Don’t know why it is so difficult, although on the other hand, approaching Limenitis arthemis astyanax usually is fruitless, as they flee, just as you’ve gotten into position to click your shutter button. In this instance, our Red-spotted purple feels assured that it is 100% hidden from me, enabling me to set myself and shoot away.

Here at Raccoon Creek State Park, 35 minutes west of Pittsburgh (once the steel capitol of the world), they usually are first seen in June. They are not familiar to most people who encounter them. They almost never are seen nectaring on flowers. The females try to stay away from biggies like humans, and the males are most often seen taking moisture on trails. Watching hikers and strollers approaching these butterflies on a trail is fascinating. As they approach the Red-spotted purple, Average Hiker/Naturalist’s LOUD footsteps (vibrating through the substrate) trigger quick flight…

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Who Loves the Red-Spotted Purple?

Red-Spotted Purple Butterfly photographed by Jeff Zablow at Raccoon Creek State Park

Red-Spotted Purple Butterfly photographed by Jeff Zablow at Raccoon Creek State Park

America’s most beloved bird? It’s got to be the bald eagle. With tens of millions of birders, the bald eagle enjoys oceans of love. The Telegraph just reported that 20-somethings are increasingly taking up their ‘binis’ and looking for birds.

America’s most beloved butterfly? Easy again, the Monarch butterfly. Thousands of Americans are rearing them, visiting the central Mexico mountains where they overwinter, and planting milkweeds in their home gardens. Other beloved Americans butterflies? Eastern black swallowtails, Giant swallowtails and Pipevine swallowtails.

Why do blogs, NABA, Xerces and many state’s departments of conservation/environmental protection work most vigorously to protect monarchs and many swallowtails? I expect that we generally agree that they are large butterflies, very colorful butterflies, visit home gardens regularly and enjoy c that lend themselves to home development.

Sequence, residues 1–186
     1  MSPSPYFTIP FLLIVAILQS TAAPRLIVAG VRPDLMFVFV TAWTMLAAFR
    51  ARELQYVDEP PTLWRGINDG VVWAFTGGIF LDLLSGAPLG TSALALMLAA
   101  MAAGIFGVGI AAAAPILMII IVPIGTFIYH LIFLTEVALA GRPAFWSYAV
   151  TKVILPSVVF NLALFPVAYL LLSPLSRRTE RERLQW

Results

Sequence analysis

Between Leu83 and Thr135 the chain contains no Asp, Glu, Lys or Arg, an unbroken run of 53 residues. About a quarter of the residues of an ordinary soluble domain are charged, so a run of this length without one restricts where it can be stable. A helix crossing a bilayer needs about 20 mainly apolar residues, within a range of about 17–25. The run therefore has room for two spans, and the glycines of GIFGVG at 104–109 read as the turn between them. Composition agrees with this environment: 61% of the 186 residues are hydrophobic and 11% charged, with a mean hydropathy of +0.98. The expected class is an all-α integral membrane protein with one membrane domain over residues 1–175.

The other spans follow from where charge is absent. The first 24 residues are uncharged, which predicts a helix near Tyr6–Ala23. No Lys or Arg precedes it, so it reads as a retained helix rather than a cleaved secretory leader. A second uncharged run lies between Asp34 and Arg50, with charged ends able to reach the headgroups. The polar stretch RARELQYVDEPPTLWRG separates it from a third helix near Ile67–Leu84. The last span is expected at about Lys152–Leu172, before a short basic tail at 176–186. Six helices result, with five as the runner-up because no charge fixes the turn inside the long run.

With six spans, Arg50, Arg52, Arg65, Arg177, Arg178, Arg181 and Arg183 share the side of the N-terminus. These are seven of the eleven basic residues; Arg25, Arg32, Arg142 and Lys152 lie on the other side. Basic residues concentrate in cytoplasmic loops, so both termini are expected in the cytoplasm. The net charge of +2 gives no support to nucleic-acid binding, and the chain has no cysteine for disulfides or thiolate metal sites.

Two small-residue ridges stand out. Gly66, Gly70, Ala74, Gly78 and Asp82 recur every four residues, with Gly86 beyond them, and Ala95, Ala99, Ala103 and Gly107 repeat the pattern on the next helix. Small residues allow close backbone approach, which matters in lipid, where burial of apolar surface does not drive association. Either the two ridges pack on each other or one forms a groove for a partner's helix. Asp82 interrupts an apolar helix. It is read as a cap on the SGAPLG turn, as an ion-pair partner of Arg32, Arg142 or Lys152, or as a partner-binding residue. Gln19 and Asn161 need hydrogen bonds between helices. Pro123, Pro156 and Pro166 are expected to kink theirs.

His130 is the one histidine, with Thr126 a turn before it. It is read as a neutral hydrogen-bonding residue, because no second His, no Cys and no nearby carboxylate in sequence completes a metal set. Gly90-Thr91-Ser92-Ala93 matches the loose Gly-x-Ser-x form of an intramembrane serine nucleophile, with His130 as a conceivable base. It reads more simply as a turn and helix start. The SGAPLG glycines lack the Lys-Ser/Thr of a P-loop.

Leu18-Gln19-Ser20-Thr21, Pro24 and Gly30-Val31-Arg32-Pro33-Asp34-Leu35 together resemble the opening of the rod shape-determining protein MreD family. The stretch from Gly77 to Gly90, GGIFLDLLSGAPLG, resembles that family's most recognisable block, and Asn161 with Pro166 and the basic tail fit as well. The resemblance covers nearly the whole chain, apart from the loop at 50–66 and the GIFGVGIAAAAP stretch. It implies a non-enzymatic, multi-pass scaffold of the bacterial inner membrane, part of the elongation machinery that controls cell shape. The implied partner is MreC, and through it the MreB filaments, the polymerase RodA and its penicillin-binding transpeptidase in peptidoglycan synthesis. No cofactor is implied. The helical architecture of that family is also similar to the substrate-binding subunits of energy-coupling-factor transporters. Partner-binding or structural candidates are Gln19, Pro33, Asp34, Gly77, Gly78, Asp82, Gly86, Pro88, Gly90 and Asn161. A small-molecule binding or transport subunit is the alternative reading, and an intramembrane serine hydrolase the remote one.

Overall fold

Chew on this? Why are butterflies that are found on moist trails, and rarely nectar on flowerheads, little loved? Here, a fine Red-spotted purple. Often seen on trails from New England to Florida and across the south to New Mexico, few hesitate to shower love and admiration for Red-spotteds.

Will tastes change, and the time come that sees the Red-spotted purple butterfly becomes the Golden retriever of the butterfly diversity? Or will Red-spotteds forever be “a butterfly.”

Jeff

A Tree That Butterflies Love

American Holly tree photographed by Jeff Zablow at Eastern Neck National Wildlife Refuge, Rock Hall, MD

Took a break mid-morning at Eastern Neck National Wildlife Refuge ( Rock Hall, Maryland). May 2014. The Ranger’s house was smack in the middle of their best butterfly habitat. After so much looking down and looking straight ahead, this tree drew my attention, and I look up. What did I see?

This American Holly tree ( Ilex opaca ) had dozens of butterflies flying around it. The Red-spotted purples were numerous among them. Problem was that I don’t bring binoculars with me, so I couldn’t ID the dozens and dozens of smaller butterflies that were up there. This is a 60′ tall tree, so the species zipping about were left to my imagination. Bees and flies were uncountable, and wasps and other predators flew about, on their hunt for prey.

I have seen heavy action around Paw paw trees, and several trees further South, but I don’t remember ever seeing a tree that was so supportive of butterflies, as this one was.

The field guides all cite this tree as equally valuable in the late Fall and Winter, its berries placing it among the Best Trees to Attract Birds (Stokes Bird Gardening Book, Little, Brown and Company).

A native tree that supports wildlife of dozens and dozens of species. Nice. Didn’t need to bring it here. It was always here.

Jeff